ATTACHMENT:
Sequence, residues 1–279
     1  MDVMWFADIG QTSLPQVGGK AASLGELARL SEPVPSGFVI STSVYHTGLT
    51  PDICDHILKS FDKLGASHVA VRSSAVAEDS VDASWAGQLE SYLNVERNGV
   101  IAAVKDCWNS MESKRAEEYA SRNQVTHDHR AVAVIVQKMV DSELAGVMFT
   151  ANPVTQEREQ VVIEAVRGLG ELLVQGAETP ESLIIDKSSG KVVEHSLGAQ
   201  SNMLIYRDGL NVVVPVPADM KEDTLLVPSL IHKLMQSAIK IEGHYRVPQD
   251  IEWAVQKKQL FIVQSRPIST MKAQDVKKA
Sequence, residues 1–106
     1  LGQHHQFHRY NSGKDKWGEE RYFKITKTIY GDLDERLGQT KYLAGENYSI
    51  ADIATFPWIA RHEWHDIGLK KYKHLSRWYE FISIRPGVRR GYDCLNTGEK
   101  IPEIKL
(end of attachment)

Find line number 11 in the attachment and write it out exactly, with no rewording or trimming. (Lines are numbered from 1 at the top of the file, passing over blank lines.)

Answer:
   101  IPEIKL